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Crespo, Jaime – Los Punkers

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Los Punkers

Are 24 hour comics still a regular thing out in the comics world? Seems like I’m seeing fewer of them now then I was maybe 10 years ago. Which makes it entirely possible that I’m just missing them but they’re still going like gangbusters out in the artistic world. I ask this question because hey look, it’s a 24 hour comic! For the uninitiated, they’re exactly what they sound like: an artist starts a comic and finishes it within 24 hours. Sometimes they have no idea what they’re going to draw, sometimes they know exactly what they’re doing to do, and sometimes their intentions land somewhere in the middle. Jaime did this about 7 years ag0 but lost the artwork and then forgot all about it (he goes over the story on the inside front cover if you’re curious), but now it can be yours! It’s basically the story of Jaime discovering a love for punk music as a kid (this would be late 70’s/early 80’s), starting up a band with friends and the troubles associated with being taken seriously/being allowed to play in different venues when most of the band was still in high school. A pretty clear sense of “right idea/wrong time” also shines through here, as it sounds like the local punk scene really flourished only after they gave up the band. Um, spoiler alert, I guess. It’s a fun story, and as always with 24 hour comics you can also pick through the artwork and try to pinpoint the moments when the artist was wearing down. Eh, who am I kidding, the man’s a pro. This is well worth a look for anybody in a band, thinking about starting a band or just somebody who’s feeling like they’ve left popular culture behind. So anybody reading this, I imagine. And this last message is just for Jaime, because I know I’ll forget to email him back about his potentially moving to Columbus: I can’t help you with the cold weather and lack of oceans, but I have had some damned good Mexican food in this town. Granted, this is coming from a pasty white guy who never even had proper Mexican food until he moved out of small town Illinois, but there are some solid options to be had here. $4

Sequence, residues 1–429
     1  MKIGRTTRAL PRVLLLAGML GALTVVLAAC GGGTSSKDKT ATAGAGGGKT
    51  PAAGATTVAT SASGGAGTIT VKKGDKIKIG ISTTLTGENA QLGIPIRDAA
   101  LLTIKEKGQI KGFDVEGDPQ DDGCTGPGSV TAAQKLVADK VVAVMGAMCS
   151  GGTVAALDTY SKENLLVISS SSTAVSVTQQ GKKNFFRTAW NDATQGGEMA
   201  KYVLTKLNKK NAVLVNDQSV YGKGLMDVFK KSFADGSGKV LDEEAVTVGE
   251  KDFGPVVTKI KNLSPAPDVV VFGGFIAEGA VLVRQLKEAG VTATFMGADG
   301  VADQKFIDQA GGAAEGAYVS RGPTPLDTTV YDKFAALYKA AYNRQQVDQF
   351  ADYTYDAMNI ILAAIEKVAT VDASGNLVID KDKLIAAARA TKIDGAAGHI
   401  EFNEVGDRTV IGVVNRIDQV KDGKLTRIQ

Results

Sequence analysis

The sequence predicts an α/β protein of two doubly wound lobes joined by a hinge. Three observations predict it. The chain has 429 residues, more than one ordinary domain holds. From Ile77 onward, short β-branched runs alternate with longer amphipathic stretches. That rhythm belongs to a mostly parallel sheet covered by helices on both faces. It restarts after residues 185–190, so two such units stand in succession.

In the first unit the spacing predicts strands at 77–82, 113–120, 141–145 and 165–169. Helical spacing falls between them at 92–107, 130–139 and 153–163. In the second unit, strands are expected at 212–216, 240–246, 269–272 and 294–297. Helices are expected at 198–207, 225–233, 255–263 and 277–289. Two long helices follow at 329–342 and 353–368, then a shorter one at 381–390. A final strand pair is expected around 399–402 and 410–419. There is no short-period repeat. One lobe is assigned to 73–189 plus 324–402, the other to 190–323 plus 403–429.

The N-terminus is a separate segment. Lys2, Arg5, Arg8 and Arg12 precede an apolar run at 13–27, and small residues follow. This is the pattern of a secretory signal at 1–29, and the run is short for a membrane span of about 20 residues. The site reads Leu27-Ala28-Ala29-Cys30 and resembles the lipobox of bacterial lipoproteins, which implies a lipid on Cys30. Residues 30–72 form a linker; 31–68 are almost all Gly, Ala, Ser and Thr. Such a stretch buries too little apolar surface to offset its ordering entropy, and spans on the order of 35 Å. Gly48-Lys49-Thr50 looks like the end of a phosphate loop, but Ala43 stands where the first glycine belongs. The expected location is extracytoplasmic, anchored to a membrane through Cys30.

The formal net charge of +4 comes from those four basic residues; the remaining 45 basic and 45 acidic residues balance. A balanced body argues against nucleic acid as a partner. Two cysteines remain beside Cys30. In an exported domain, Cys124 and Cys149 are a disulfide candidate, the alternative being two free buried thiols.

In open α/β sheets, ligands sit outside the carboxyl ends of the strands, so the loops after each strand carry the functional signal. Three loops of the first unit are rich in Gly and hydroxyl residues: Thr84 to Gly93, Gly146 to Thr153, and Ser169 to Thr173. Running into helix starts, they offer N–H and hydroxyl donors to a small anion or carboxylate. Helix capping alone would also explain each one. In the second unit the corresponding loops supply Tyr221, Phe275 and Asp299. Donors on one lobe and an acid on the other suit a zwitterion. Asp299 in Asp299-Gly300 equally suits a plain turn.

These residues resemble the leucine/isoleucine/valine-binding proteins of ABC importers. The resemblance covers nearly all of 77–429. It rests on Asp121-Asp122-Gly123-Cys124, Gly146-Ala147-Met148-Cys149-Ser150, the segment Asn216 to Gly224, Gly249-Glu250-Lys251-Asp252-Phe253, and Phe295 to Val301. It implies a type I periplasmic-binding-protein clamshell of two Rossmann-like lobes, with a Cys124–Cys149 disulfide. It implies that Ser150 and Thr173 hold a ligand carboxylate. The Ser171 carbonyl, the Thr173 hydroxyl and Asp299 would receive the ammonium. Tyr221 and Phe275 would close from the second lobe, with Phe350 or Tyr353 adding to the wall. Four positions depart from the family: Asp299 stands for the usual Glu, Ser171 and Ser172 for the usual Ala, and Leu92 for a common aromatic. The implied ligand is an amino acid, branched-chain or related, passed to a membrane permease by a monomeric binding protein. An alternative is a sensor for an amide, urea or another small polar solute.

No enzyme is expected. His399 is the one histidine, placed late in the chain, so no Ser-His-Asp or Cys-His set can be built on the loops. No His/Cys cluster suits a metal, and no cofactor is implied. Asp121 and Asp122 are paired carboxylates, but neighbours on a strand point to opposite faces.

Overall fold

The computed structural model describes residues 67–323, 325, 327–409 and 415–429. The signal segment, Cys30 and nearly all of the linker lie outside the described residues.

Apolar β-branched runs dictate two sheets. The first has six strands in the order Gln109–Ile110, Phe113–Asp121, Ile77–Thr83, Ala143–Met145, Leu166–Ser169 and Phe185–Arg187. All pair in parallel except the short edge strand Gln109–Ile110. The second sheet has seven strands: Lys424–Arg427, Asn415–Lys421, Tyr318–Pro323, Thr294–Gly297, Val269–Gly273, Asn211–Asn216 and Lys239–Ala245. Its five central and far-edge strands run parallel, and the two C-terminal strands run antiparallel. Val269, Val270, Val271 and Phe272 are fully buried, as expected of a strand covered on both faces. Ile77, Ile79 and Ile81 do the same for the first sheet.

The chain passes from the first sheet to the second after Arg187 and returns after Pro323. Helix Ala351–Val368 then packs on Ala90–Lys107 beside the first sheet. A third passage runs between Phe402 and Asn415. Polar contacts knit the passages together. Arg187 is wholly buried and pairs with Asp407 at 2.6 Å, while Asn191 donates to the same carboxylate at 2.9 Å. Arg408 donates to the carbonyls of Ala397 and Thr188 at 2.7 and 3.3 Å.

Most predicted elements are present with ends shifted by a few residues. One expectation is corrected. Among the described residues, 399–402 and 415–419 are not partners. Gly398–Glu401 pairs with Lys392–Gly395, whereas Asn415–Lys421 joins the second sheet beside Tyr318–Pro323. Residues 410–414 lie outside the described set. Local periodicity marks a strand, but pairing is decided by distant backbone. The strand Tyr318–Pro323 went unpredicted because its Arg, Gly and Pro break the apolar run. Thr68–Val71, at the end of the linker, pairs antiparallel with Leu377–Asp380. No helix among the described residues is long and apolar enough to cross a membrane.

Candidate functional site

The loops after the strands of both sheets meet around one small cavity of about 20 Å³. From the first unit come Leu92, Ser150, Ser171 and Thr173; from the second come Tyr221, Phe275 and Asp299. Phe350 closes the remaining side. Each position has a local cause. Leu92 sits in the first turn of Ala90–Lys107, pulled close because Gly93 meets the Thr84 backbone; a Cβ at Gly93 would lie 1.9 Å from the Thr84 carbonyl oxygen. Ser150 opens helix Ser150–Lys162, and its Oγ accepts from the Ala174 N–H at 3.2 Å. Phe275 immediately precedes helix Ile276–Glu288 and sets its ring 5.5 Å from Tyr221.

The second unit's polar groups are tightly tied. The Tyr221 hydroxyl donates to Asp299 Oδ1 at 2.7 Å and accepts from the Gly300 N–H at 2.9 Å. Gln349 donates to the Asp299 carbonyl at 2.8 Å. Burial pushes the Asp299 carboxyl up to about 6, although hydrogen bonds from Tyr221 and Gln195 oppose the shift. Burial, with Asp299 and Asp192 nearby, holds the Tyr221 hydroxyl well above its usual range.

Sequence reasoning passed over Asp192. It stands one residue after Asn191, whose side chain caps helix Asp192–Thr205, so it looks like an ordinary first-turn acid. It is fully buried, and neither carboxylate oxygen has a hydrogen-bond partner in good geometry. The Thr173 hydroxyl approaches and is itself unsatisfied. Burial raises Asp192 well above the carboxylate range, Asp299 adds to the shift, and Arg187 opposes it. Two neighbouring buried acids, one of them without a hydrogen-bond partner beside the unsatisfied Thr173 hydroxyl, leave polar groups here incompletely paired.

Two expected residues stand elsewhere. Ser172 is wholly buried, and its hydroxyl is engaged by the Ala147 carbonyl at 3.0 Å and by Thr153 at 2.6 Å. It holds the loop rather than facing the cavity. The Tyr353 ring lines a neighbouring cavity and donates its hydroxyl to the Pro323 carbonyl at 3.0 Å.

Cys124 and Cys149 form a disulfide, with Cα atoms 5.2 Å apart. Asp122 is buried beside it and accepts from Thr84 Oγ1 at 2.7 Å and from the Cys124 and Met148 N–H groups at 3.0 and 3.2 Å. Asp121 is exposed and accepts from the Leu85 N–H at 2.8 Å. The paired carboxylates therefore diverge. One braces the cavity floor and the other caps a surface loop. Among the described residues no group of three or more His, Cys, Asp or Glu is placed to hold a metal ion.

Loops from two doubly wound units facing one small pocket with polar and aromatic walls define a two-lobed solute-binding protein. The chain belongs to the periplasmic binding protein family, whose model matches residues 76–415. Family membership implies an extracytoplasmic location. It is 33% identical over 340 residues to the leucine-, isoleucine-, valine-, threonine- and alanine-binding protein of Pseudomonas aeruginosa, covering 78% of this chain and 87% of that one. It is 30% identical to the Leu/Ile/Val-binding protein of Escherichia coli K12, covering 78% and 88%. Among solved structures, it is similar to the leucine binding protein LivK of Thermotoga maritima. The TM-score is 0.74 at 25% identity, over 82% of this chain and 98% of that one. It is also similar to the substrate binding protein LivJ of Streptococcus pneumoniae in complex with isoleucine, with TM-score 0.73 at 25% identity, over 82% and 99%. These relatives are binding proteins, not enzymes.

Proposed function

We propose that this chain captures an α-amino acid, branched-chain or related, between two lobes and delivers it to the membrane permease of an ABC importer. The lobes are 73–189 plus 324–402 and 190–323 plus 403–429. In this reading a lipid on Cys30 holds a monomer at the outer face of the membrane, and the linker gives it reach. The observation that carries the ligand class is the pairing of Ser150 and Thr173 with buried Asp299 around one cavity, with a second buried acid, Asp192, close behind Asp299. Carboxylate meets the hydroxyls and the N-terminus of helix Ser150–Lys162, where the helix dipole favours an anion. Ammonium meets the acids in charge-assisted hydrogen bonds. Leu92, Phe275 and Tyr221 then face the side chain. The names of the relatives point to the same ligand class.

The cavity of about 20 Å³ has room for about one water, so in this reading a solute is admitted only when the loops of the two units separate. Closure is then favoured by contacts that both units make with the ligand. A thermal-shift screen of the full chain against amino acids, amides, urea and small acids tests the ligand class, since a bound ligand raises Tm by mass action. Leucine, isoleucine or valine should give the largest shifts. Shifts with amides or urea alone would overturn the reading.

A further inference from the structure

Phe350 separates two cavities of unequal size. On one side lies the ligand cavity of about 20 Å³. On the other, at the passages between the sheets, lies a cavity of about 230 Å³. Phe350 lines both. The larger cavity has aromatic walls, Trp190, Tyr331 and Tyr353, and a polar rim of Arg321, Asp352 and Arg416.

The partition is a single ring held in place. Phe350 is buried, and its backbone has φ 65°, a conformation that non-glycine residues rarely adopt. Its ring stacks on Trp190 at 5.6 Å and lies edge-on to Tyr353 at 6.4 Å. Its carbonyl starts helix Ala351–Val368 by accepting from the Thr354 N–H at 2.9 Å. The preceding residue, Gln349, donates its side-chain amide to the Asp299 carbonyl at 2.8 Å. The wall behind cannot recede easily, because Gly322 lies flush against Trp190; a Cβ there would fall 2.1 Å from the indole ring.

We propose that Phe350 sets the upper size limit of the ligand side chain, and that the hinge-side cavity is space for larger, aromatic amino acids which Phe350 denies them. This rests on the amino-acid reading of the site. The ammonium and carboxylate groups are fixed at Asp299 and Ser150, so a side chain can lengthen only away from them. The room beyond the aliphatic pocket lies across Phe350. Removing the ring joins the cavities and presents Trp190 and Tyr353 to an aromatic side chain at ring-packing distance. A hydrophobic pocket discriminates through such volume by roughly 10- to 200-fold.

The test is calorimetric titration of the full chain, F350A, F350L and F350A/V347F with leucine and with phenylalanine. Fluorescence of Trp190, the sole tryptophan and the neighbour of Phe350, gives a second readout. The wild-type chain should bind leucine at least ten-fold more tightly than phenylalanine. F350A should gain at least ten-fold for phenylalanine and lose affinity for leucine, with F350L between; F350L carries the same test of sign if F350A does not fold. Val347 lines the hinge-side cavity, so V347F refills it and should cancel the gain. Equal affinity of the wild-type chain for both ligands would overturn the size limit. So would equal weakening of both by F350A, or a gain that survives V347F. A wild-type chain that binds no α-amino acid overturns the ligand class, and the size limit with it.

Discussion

Crespo, Jaime – Tortilla #4

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tortilla41

Tortilla #4

See, here’s where my lack of a working scanner really hurts the review: Jaime doesn’t have a working website. So no free samples to be had there to help you make up your mind. Then again, how much convincing do you really need? Jaime has been making quality comics for 25ish years and he has a new issue out! What more do you need to know? And yes, it would be cheating if I bailed on the review right there. Jaime has had a rough few years (which accounts for the delay between issues), but he hasn’t lost a step with his comics skills. This one has four stories, and the subjects include observational evidence that the worst drivers all own gold cars (which is not something I’ve ever noticed, but it’s certainly going to be on my mind while driving from now on), an especially obnoxious local drunk who eventually motivates the town to pool their resources to get a one-way ticket to get him out of town (and what happens next), Jaime’s efforts (as a child) to help a friend sell some candy bars so they’d be free to play and their chance encounter of a celebrity, and Jaime’s history of skateboarding and surfing. Oh, and in regards to that celebrity, I’m not going to spoil it, but there story is set in the 70’s, so let your imagination run wild in your guesses. Jaime is also still working on a big old graphic novel that I can’t wait to see, and he’ll even be in Columbus for Sol-Con from October 13-16th (2016, in case you’re reading this in the future). That lineup of guests is ridiculously stacked, so come to Columbus for the show! In the meantime, buy this comic. You know that lack of a sample image is driving you nuts, and there’s only one way to learn what celebrity he ran into in the 70’s… $4

 

Crespo, Jaime – Sueno Loco

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Sueno Loco

God damn, this is how you do a dream comic. Not that I’ve run across any particularly terrible examples of them recently, but if you keep a dream journal and have been thinking about turning some of them into comics, you should pick up this comic first. There’s plenty to love in that cover, and once you thoroughly absorb that image the comic opens up with Jaime in a mariachi suit working at a Taco Bell. One of those shrill blond older ladies with the awful orange tans comes in and tries to order an “enchrito.” Dream Jaime doesn’t hear her correctly the first time, which causes her to blow up at him. From there it’s a quick spiral down into madness, as an enchirito chant fills up his dream, the blond lady expands into an enormous angry head and Jaime is left scrambling for his dream life. It’s a quick read but it’s beautifully done, so on top of his other comics that I’m thoroughly enjoying now I’m hoping he keeps going on the dream comics too. Granted, there are only so many hours in the day, but here’s hoping Jaime uses as many of them as is humanly possible to keep making comics like this. Well, and Tortilla. And that he finishes up Turk Street Serenade. One of you publishers, give the man a pile of money to make this easier on him! You’d have a ton of great older material to work with just to start… $2